Foreign Policy Breakthroughs: Cases in Successful Diplomacy (Oxford University Press, Fall 2015)
Drawing on deep historical research, this book aims to ‘reinvent’ diplomacy for our current era.The original and comparative research provides a foundation for thinking about what successful outreach, negotiation, and relationship-building with foreign actors should look like. Instead of focusing only on failures, as most studies do, this one interrogates success. The book provides a framework for defining successful diplomacy and implementing it in diverse contexts. Chapters analyze the activities of diverse diplomats (including state and non-state actors) in enduring cases, including: post-WWII relief, the rise of the non-aligned movement, the Nuclear Non-Proliferation Treaty, the U.S. opening to China, the Camp David Accords, the reunification of Germany, the creation of the European Union, the completion of the North American Free Trade Agreement, and relief aid to pre-2001 Afghanistan.
The cases are diverse and historical, but they are written with an eye toward contemporary challenges and opportunities. The book closes with systematic reflections on how current diplomats can improve their activities abroad. Foreign Policy Breakthroughs offers rigorous historical insights for present policy.
See book website.
Liberty’s Surest Guardian: American Nation-Building from the Founders to Obama (Free Press/Simon & Schuster, Fall 2011)
Americans are a nation-building people, and in Liberty’s Surest Guardian, Jeremi Suri looks to America’s history to see both what it has to offer to failed states around the world and what it should avoid. Far from being cold imperialists, Americans have earnestly attempted to export their invention of representative government to failing states throughout the world. We have had successes (Reconstruction after the American Civil War, the Philippines, Western Europe) and failures (Vietnam), and we can learn a good deal from both. Nation-building is in America’s DNA. It dates back to the days of the Revolution when the founding fathers invented the concept of popular sovereignty–the idea that you cannot have a national government without a collective will. The framers of the Constitution initiated a policy of cautious nation-building, hoping not to conquer other countries, but to build a world of stable, self-governed societies that would support America’s way of life. Yet no other country has created more problems for itself and for others by intervening in distant lands and pursuing impractical changes.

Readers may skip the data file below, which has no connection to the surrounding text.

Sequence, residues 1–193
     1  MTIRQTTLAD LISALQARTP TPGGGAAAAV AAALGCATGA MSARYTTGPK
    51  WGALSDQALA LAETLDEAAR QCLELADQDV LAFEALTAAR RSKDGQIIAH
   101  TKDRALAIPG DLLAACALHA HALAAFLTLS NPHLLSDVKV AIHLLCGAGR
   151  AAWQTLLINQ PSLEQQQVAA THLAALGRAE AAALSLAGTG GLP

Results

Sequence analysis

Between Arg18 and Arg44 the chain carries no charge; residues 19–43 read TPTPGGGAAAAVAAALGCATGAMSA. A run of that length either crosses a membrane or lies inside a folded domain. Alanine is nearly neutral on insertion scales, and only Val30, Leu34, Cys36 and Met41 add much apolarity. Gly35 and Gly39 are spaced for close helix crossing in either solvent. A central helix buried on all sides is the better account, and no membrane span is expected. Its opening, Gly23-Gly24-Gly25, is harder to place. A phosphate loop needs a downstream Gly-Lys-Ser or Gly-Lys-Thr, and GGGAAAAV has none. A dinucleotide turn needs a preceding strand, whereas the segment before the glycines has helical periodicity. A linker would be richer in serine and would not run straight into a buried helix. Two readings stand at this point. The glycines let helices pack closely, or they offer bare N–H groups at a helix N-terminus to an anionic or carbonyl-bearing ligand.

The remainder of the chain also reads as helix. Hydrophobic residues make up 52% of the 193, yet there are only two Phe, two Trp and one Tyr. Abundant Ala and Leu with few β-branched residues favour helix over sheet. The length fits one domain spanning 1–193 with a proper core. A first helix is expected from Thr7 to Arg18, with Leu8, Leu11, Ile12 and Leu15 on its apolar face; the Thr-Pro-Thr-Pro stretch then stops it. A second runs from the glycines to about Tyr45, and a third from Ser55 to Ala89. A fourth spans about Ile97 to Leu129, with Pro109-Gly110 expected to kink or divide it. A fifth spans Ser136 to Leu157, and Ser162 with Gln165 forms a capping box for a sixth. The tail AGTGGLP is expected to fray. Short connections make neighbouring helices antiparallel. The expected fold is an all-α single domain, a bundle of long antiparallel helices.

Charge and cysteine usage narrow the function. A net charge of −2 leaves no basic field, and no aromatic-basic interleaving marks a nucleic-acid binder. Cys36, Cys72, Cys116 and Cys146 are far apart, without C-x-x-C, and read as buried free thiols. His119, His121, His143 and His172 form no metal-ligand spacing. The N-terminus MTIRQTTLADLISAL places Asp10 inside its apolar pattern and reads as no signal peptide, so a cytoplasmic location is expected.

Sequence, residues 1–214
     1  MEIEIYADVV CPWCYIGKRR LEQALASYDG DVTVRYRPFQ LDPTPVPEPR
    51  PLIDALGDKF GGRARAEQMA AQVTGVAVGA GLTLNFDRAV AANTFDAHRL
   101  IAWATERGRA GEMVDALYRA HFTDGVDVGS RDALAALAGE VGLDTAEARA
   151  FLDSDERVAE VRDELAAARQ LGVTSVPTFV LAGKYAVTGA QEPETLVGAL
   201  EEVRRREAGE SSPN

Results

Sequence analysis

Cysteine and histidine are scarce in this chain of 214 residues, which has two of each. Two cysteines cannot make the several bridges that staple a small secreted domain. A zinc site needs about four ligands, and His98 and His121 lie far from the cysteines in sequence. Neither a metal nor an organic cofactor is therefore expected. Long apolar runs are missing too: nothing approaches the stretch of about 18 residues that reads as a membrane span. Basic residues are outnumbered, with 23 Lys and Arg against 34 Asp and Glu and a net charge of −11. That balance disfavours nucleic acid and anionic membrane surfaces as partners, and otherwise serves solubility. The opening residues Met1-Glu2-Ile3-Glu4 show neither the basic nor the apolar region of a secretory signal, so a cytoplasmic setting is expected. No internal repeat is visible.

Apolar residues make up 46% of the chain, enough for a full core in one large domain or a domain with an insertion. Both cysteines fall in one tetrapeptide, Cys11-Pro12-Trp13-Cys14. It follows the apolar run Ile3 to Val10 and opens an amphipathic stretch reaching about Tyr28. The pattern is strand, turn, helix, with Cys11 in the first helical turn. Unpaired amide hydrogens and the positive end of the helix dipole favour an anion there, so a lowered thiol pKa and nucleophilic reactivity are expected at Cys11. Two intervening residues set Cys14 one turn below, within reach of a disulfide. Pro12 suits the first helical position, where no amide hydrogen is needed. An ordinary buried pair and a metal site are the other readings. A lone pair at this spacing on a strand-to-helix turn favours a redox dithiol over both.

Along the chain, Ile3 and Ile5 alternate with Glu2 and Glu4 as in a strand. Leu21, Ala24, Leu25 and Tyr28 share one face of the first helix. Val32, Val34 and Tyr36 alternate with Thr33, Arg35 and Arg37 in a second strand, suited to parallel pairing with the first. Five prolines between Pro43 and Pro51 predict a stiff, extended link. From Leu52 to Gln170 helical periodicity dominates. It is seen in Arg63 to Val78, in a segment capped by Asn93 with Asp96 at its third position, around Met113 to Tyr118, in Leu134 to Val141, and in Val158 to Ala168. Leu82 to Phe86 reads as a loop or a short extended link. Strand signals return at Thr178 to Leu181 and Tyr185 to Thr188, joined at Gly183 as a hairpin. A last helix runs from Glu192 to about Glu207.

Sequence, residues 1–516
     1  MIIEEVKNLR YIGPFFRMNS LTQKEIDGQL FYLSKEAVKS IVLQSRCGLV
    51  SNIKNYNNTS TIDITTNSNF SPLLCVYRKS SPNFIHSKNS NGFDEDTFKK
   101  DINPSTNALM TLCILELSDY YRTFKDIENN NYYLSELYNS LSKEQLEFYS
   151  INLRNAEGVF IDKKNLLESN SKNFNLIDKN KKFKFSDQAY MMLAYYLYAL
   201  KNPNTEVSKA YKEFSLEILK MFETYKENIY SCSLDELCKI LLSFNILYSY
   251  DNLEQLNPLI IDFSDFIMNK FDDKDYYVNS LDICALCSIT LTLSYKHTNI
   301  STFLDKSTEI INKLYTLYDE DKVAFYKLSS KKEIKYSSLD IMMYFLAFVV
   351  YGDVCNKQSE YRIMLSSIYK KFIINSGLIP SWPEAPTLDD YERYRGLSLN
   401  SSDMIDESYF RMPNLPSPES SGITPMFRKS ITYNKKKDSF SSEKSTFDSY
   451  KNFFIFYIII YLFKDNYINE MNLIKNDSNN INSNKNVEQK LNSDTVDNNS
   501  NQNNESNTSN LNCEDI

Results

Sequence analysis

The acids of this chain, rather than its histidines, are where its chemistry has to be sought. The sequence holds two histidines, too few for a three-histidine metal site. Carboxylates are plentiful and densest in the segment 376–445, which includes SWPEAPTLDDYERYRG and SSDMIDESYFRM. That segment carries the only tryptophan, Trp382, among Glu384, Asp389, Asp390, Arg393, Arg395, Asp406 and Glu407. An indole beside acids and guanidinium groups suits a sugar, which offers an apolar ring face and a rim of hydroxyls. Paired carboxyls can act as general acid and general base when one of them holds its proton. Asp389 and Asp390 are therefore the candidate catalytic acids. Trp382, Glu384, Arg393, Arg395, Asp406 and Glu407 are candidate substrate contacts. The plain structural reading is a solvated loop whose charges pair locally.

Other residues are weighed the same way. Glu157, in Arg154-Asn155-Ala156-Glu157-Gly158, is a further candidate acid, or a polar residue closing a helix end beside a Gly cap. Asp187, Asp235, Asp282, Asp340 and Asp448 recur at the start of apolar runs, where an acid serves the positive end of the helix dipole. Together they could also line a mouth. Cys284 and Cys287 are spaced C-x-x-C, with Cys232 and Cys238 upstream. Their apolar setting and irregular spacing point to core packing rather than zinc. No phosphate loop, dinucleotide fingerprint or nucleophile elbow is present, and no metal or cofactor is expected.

More at the book webpage >>
American Foreign Relations Since 1898: A Documentary Reader (Wiley-Blackwell, 2010)
This volume brings together more than 50 documents which examine foreign policy not only in terms of leaders and states, but also through social movements, cultures, ideas, and images, to provide comprehensive understanding of how Americans have interacted with the wider world since 1898.
Read more at Wiley-Blackwell website >>
Henry Kissinger and the American Century (Harvard Univ Press, 2007)
What made Henry Kissinger the kind of diplomat he was? What experiences and influences shaped his worldview and provided the framework for his approach to international relations? Jeremi Suri offers a thought-provoking, interpretive study of one of the most influential and controversial political figures of the twentieth century.
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The Global Revolutions of 1968 (W.W. Norton, 2007)
The revolutions of 1968 represent the culmination of 1960s protest movements across the globe. This casebook explores the common sources of protest and the mechanisms by which unrest became a global phenomenon. It also includes in-depth discussion of how different countries reacted to the protests.
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Power and Protest (Harvard Univ Press, 2003)
Jeremi Suri puts the tumultuous 1960s into a truly international perspective in the first study to examine the connections between great power diplomacy and global social protest. He describes connections between policy and protest from the Berkeley riots to the Prague Spring, from the Paris strikes to massive unrest in Wuhan, China. The growth of distrust and disillusion in nearly every society left a lasting legacy of global unrest, fragmentation, and unprecedented public skepticism toward authority.
Read more at Harvard Univ Press website >
Reviews and commentary on this book: Harvard UP collected review synopses